The American Institute of Architects Announces the 2009 COTE Top Ten Green Projects

The American Institute of Architects (AIA) and its Committee on the Environment (COTE) have selected the top ten examples of sustainable architecture and green design solutions that protect and enhance the environment.

The American Institute of Architects (AIA) and its Committee on the Environment (COTE) have selected the top ten examples of sustainable architecture and green design solutions that protect and enhance the environment.
The 2009 COTE Top Ten Green Projects program celebrates projects that are the result of a thoroughly integrated approach to architecture, natural systems and technology. They make a positive contribution to their communities, improve comfort for building occupants and reduce environmental impacts through strategies such as reuse of existing structures, connection to transit systems, low-impact and regenerative site development, energy and water conservation, use of sustainable or renewable construction materials, and design that improves indoor air quality.
Members of the jury include: Michelle Addington, Yale School of Architecture; Brandy Brooks, Assoc. AIA, Community Design Resource Center of Boston; William Leddy, FAIA, Leddy Maytum Stacy Architects; Nadav Malin, BuildingGreen LLC; Kim Shinn, LEED AP, LTLC Engineering for Architecture; and James Timberlake, FAIA, Kieran Timberlake Associates LLP.

What follows is a list of descriptions of the winners from AIA.

Charles Hostler Student Center, Beirut, Lebanon

The Hostler Center design responded to its unique social and environmental context.  Situated on Beirut’s seafront and main public thoroughfare, the new 204,000 square foot facility includes competitive and recreational athletic facilities, an auditorium, cafeteria with study space, and underground parking for 200 cars. Multiple building volumes were proposed that interconnected a continuous field of habitable space with gardens on multiple levels. The design for the new Hostler Center synthesizes architecture and landscape to create a set of richly varied and environmentally diverse spaces for people to gather in throughout the day and evening.
Chartwell School, Seaside, CA
EHDD Architecture

The shared vision for the new Chartwell School campus was to create an exceptional, high-performance learning environment for children with learning differences. The goal was a campus that integrated proven strategies to improve learning outcomes and that would function as a teaching tool about sustainability, all while dramatically reducing environmental impacts. Sited on a hill overlooking Monterey Bay, this project seamlessly blends the elements of site, program and environmental conservation.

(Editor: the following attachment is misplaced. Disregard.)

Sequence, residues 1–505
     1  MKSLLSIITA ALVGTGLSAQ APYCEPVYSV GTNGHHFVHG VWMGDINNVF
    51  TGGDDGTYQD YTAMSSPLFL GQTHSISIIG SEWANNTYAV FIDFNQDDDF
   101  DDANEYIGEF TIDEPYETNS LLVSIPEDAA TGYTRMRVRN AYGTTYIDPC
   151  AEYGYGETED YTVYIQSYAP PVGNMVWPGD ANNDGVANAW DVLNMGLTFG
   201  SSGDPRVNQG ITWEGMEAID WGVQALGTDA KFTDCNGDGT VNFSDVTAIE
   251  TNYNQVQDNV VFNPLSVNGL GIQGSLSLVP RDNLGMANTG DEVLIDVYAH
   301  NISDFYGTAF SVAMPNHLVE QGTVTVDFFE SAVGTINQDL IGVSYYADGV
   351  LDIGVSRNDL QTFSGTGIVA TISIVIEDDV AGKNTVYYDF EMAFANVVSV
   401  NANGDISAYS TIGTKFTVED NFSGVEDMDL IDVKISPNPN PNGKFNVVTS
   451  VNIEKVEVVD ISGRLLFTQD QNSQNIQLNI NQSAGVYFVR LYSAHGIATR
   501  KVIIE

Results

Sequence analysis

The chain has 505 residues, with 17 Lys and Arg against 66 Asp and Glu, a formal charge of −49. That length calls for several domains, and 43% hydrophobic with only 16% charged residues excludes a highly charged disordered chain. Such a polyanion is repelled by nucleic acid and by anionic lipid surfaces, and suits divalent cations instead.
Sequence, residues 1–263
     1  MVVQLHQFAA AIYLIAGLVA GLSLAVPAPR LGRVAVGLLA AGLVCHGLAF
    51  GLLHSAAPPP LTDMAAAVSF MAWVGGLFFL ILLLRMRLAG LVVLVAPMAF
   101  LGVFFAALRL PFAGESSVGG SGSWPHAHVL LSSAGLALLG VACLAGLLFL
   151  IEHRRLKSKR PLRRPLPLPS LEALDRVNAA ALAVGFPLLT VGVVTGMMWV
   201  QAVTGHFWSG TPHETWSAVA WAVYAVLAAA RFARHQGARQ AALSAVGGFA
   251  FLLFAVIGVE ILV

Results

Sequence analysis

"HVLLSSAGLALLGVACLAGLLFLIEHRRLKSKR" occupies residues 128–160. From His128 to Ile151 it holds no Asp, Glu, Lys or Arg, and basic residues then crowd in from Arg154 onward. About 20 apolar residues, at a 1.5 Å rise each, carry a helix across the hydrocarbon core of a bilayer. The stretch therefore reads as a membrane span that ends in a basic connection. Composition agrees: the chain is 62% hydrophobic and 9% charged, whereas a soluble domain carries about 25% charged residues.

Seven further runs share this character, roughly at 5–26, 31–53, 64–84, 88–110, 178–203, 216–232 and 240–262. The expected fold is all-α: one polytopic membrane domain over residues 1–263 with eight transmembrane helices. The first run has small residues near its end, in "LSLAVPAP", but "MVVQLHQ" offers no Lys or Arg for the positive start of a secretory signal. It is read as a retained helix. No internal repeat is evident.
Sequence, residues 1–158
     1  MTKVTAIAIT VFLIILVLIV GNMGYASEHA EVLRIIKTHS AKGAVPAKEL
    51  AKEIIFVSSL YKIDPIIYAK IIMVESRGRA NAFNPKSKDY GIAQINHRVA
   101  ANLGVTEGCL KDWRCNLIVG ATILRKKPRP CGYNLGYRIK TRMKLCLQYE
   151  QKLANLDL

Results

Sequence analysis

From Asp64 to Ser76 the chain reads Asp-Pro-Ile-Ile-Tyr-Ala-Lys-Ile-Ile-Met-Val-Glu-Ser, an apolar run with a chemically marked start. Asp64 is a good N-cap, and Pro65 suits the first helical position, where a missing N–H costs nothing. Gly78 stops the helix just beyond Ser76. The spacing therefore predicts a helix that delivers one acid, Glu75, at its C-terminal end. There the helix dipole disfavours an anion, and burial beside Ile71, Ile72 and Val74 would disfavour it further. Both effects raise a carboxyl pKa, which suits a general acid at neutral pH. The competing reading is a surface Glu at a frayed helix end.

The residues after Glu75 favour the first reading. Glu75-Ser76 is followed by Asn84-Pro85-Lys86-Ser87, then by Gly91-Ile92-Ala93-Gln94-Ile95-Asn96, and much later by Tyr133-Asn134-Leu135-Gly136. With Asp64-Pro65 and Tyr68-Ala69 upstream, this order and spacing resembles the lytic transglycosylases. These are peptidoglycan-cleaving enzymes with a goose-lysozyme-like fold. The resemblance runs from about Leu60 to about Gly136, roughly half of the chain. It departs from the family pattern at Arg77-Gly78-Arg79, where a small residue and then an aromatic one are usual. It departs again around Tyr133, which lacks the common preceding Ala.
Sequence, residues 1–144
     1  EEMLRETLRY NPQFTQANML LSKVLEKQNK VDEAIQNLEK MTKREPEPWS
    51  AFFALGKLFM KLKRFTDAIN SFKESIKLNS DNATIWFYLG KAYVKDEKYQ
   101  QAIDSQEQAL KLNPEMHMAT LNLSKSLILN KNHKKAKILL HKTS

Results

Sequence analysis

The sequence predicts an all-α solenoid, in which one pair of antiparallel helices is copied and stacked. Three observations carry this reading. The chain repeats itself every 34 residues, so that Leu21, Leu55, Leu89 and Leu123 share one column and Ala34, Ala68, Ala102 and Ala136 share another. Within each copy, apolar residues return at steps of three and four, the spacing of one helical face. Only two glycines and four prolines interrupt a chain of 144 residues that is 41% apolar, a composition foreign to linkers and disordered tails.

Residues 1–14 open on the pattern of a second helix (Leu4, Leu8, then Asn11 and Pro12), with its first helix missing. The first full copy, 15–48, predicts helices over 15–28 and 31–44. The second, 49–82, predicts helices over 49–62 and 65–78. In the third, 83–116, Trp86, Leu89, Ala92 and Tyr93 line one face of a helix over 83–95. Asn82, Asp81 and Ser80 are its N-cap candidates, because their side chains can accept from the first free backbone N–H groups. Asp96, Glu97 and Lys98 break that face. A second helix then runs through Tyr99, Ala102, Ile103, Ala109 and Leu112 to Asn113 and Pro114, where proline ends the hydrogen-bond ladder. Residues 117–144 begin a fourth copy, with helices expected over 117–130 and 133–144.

Gish Apartments, San Jose, CA
OJK Architecture and Planning

Gish Apartments is a 35-unit transit-oriented family apartment complex that provides quality affordable housing. The mixed-use plan includes a ground floor 7-Eleven and beauty salon to serve the neighborhood. Gish Apartments is a ground breaking development both for its architectural design and in its use of renewable energy technologies and other green building features.  Gish is the only affordable housing development in the U.S. to receive both LEED for Homes and LEED NC Gold certification.
Great River Energy Headquarters, Maple Grove, Minnesota

Great River Energy (GRE) is a not-for-profit electric utility cooperative owned by its members.  Great River Energy’s Headquarters is a 166,000 square foot, four-story concrete frame and glass curtain wall office building. GRE’s new office environment was designed to showcase workplace productivity, energy efficient technologies, and a collaborative culture within the most electric energy-efficient building in the state. GRE was looking to demonstrate energy efficient technologies that can be transferred to their customers in an effort to reduce the future demand for fossil fuel electric generation.
Jewish Reconstructionist Congregation (JRC), Evanston, Illinois
Ross Barney Architects